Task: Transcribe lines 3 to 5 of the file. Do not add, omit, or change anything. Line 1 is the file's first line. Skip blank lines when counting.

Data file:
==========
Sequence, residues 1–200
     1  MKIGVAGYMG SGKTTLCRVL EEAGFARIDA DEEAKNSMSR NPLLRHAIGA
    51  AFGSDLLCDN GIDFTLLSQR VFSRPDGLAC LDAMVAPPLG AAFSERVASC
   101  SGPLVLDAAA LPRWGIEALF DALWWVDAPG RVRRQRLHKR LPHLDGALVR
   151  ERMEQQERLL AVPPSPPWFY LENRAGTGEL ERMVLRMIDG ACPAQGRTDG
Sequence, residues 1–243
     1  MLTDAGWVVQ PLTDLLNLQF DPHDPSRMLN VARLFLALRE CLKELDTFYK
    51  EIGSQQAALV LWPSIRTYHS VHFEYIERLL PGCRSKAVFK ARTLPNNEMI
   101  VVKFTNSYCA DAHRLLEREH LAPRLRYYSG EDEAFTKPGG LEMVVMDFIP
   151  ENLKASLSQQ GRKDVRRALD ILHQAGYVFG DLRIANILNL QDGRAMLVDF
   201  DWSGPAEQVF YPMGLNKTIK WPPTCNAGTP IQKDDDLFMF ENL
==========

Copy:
    51  AFGSDLLCDN GIDFTLLSQR VFSRPDGLAC LDAMVAPPLG AAFSERVASC
   101  SGPLVLDAAA LPRWGIEALF DALWWVDAPG RVRRQRLHKR LPHLDGALVR
   151  ERMEQQERLL AVPPSPPWFY LENRAGTGEL ERMVLRMIDG ACPAQGRTDG